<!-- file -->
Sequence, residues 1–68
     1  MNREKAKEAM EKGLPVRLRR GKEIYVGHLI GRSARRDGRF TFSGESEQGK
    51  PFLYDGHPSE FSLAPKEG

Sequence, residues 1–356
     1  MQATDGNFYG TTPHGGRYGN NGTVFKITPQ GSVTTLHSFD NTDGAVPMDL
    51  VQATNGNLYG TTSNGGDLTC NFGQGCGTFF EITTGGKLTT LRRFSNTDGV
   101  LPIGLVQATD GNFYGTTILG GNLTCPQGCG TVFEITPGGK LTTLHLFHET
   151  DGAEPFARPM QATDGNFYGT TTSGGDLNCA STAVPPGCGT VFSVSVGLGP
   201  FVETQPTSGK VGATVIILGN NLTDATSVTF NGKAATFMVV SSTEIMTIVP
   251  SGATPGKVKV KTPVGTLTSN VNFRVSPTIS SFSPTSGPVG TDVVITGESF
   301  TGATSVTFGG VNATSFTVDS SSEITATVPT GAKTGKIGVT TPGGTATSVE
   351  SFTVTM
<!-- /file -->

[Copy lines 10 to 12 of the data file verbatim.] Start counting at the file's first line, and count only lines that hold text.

   251  SGATPGKVKV KTPVGTLTSN VNFRVSPTIS SFSPTSGPVG TDVVITGESF
   301  TGATSVTFGG VNATSFTVDS SSEITATVPT GAKTGKIGVT TPGGTATSVE
   351  SFTVTM